Additives in Foods and OTC Medicines Could Be Causing Potassium Spike in CKD Patients

The use of potassium additives in processed foods is becoming very common and patients with chronic kidney disease (CKD) must be taught about these potassium additives.

Doctors and patients should be aware and learn how to be sure that their potassium diet is safe. Not too much is known about how much of potassium additives go into foods. Unlike low phosphorus diets, bioavailability does not exist in hyperkalemia guidelines.

To lessen sodium in foods, some manufacturers have replaced sodium additives with potassium additives. A study was done where one out every 11 foods usually eaten by Canadian dialysis patients contained potassium additives. The potassium bioavailability of whole fruits and vegetables is lower therefore they should be included in CKD patients’ diets and this may improve their blood pressure and metabolic acidosis and decrease the chance of kidney injury without increasing potassium.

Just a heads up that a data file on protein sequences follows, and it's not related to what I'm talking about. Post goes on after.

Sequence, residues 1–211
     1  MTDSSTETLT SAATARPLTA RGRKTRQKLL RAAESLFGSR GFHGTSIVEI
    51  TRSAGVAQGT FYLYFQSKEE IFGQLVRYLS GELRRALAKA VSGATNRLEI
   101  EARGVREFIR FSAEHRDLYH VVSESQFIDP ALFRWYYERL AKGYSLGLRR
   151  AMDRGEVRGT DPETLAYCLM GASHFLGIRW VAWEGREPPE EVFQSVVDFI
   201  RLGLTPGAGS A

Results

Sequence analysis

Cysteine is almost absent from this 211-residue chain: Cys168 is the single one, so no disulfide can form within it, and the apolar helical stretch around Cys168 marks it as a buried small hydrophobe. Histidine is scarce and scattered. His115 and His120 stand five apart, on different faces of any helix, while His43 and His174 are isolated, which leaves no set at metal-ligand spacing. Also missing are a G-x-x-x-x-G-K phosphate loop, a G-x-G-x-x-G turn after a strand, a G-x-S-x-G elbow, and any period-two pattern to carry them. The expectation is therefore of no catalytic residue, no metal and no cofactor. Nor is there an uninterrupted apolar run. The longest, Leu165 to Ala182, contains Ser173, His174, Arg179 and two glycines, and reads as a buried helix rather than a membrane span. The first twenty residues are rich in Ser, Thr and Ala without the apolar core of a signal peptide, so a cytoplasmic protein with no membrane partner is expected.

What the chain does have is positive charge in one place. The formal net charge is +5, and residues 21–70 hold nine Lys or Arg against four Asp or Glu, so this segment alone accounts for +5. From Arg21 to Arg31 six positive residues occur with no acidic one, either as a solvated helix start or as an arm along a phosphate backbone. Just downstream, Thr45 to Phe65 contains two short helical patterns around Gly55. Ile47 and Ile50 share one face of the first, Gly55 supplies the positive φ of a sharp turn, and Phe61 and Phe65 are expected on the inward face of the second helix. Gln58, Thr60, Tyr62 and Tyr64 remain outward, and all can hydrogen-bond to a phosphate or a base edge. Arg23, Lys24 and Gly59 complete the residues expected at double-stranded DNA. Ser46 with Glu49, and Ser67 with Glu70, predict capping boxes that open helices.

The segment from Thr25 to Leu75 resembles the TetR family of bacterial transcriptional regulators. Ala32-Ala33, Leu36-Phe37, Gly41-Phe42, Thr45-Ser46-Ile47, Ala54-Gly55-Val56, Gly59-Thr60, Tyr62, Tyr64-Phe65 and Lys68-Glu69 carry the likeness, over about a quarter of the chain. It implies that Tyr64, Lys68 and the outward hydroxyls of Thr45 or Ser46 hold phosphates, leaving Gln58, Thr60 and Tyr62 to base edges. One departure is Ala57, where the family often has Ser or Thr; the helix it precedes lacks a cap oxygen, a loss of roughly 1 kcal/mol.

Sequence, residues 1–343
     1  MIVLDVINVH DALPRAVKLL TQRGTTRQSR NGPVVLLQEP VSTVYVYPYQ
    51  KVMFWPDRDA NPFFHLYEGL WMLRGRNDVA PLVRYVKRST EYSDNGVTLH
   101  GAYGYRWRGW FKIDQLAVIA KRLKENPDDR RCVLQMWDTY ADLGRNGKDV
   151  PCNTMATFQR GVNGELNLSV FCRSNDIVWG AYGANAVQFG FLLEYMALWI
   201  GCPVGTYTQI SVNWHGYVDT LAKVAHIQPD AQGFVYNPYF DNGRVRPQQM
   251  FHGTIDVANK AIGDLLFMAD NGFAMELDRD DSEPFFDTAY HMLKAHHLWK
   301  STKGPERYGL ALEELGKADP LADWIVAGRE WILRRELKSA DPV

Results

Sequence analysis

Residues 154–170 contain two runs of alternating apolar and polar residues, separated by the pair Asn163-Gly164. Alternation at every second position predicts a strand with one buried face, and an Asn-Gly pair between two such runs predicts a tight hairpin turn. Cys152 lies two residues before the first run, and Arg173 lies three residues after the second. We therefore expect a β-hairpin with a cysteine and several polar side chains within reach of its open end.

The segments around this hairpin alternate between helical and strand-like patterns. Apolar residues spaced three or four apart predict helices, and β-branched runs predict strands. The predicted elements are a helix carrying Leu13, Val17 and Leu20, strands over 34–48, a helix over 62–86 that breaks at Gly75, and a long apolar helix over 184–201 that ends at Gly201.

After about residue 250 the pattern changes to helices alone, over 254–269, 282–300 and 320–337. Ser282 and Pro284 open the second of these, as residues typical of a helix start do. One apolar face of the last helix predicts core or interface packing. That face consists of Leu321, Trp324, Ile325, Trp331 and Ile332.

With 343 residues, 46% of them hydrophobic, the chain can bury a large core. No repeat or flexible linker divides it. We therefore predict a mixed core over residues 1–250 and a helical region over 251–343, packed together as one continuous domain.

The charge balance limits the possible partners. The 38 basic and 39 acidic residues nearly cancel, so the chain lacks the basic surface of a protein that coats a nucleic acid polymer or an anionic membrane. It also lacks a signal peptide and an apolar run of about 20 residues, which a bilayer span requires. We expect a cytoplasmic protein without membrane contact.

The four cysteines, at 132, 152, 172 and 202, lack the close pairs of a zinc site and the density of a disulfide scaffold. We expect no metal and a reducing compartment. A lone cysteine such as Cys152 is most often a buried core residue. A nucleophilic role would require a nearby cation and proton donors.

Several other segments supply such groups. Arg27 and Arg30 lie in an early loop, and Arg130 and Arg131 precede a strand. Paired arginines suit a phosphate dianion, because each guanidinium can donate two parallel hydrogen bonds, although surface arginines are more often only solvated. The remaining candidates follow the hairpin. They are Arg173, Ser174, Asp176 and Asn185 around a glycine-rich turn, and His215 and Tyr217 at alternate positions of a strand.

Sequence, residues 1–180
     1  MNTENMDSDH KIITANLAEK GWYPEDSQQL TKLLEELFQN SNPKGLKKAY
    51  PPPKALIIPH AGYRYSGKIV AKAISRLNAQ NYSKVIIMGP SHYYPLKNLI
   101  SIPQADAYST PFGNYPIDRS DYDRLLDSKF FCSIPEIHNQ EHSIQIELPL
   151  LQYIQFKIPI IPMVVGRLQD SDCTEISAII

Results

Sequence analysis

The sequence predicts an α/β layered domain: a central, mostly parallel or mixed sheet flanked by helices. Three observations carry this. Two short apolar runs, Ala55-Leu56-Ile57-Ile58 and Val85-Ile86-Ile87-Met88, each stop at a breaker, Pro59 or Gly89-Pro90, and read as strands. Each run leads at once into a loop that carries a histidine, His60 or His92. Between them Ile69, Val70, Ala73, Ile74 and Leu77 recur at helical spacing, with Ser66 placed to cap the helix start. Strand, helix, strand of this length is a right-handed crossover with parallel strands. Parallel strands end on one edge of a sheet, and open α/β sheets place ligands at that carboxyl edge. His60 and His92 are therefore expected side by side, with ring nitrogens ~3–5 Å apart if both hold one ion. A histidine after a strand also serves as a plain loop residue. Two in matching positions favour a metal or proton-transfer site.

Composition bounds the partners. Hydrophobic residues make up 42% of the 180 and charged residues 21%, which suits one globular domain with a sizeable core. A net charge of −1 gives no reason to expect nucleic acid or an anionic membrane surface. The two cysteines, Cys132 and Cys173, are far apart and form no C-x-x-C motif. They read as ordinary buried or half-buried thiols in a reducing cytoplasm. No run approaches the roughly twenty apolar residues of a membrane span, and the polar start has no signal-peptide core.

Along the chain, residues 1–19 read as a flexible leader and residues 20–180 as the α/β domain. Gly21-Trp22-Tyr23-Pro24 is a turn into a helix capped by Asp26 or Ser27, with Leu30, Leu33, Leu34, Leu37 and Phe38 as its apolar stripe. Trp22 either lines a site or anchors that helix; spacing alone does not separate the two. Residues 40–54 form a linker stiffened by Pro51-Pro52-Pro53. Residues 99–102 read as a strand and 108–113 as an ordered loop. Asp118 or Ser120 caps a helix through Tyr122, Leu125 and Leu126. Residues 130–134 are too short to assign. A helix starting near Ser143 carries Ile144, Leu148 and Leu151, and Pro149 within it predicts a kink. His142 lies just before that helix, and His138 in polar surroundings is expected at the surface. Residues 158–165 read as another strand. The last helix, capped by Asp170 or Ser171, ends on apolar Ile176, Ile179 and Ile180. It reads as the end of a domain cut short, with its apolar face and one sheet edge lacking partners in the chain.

Lowering potassium requires the help of a renal dietitian who can balance restrictions with nutrition. Also important is considering the potassium amounts in medications. Many medications like ibuprofen and naproxen, diuretics and others may cause high potassium levels.

For more information on achieving a more optimized kidney support diet, be sure to check out our All-Natural Kidney Health & Kidney Function Restoration Program in the shop.